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About Clay

Clay's recruiting and strategic consulting efforts over the past 20 years have provided firms in the printing and communications industries the talent and perspective that has enabled them to navigate the constant change they’ve faced.

His current company, the bleedingEDGE, provides digital printing firms with 1:1 marketing solutions that enable their small- and medium-sized clients to compete with larger competitors using a cooperative strategy and production model. In addition to the normal 1:1 marketing techniques of personalization and customization, the bleedingEDGE incorporates timing strategies, generational analysis and sociological factors in producing results well above the norm.

 

Will We Ever Stop Dragging Our Knuckles?

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I actually wrote this piece for my personal blog “On the Road to Your Perfect World” a couple weeks ago. But with the meltdown of Charlie Sheen and the never-ending media bombardment, I thought maybe I should post it here. It really doesn’t have much to do with printing...but it has to do with everything else.

A couple weeks ago, I commented on a provocative blog post by my friend Greg Rader, “The Future of Status - Conspicuous Production.” Here is that comment:

Imagine if there was no money and no things to buy. How would you show the world your worth? Or how would you show yourself?

Would your value lie in the number of friends you have—physical or electronic? Would it lie in the quality and depth or your relationships with these friends (kind of three-dimensional assessment)? Maybe it would lie in the number pieces of art you produced, or books and articles you’ve written.

Or better yet...what about the number of karma points you’ve accumulated by doing random acts of good? Haven’t we reached a point on Maslow’s hierarchy of needs where we can at least flirt with self actualization?

Over your last couple posts, I think you’ve been leading us to this, Greg. It’s obvious, the standard societal measurement of wealth and worth just isn’t cutting it for you. I join you brother.

Maybe this is the first step—discontent. Only then can we find our own “store of value.” and, from there, truly maximize it’s worth. Maybe this is what I mean when I talk about “On the Road to Your Perfect World.” Thanks for pointing me the way :)


I viewed the focus of Greg’s piece as: “Isn’t there a way of presenting our value to the world other than just through the money we make and our consumption habits?” As you can tell from my comment above, it’s a topic that's been on my mind also.

Recently, in light of the sky-high valuations of several Dotcom 2.0 stocks, such as Facebook, Groupon and Twitter, this matter seems to be especially relevant. Recent investments have Facebook worth $52 billion and Twitter at $10 billion, while Groupon turned down a $6 billion offer from Google.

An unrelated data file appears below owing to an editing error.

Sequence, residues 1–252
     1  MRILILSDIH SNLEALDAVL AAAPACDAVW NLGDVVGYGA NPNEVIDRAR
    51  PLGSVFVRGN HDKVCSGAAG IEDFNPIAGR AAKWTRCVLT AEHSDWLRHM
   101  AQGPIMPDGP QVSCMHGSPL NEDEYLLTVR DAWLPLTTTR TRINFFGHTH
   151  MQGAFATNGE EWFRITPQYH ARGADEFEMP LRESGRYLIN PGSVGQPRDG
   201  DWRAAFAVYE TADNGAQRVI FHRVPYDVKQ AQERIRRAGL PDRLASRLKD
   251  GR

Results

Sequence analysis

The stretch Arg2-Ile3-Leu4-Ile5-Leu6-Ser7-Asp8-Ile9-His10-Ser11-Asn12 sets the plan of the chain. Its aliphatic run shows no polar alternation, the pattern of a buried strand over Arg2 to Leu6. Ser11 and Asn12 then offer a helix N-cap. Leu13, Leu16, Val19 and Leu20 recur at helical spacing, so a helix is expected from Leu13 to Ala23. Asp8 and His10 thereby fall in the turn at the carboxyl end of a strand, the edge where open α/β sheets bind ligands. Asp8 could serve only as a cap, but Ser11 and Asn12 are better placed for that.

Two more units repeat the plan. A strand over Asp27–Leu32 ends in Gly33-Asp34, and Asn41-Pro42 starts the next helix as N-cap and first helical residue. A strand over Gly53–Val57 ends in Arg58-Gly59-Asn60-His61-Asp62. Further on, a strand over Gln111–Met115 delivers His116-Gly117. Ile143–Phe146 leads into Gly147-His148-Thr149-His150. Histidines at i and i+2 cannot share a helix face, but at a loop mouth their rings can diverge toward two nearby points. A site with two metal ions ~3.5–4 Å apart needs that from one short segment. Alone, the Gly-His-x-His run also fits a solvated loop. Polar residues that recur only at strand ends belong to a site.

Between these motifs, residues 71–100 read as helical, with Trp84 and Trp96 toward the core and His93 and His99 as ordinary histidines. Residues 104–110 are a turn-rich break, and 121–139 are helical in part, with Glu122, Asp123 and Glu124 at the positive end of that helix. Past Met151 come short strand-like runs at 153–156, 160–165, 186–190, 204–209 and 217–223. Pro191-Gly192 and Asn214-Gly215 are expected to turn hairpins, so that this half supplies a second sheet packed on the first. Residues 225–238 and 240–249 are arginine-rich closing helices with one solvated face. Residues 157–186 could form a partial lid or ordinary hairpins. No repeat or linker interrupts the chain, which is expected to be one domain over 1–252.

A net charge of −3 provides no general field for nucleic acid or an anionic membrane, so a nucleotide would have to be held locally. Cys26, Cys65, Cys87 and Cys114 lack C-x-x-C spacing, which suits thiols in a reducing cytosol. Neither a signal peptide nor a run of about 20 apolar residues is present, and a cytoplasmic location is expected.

But I ask you...on what are the values based. In the case of the first two, it’s their ability to act as advertising platforms. And Groupon is worth what it can take as a cut of the pie. Isn’t there more though? More than just money and advertising, more than just a vehicle to accommodate more and more consumption. God I hope so.

Let’s put Groupon aside, it is what it is—a group buying coupon service...nothing more, nothing less. Eventually, it will fall prey to another “new and improved” version of the same.

But Facebook and Twitter are different. To label them as just advertising platforms is to vastly understate what they really are—what they’re really worth. One needs to look no further back than one month. Only 30 days ago, the political environment in the Middle East was much the same as it’s been for the last 30 years. No longer. Tunisia is liberated. Egypt is liberated. Libya will probably follow, and whoever is next is anyone’s guess.

While Facebook and Twitter didn’t overthrow these dictatorships, they played an integral role. They facilitated strategic and tactical communication that was on the level of a sophisticated military sorte, only performed primarily by young civilians. These social networks provided something that wasn’t there before—coordination. The results to this point have been the liberation tens of billions of dollars and tens of million people, people who now have the prospect of governing themselves and having a say in their future. What’s that worth?

How can you put a monetary value on person's freedom? How can you say in dollars and cents what it's worth to know you have something to get up for in the morning, to know that just maybe your children might just have a better life than you ... a life you could only dream of.

Why does everything have to be based on money and what we spend it on. Just because you drive a Mercedes 450SL and I drive a Ford Taurus, does that make you worth more than me. I could make a case on the contrary.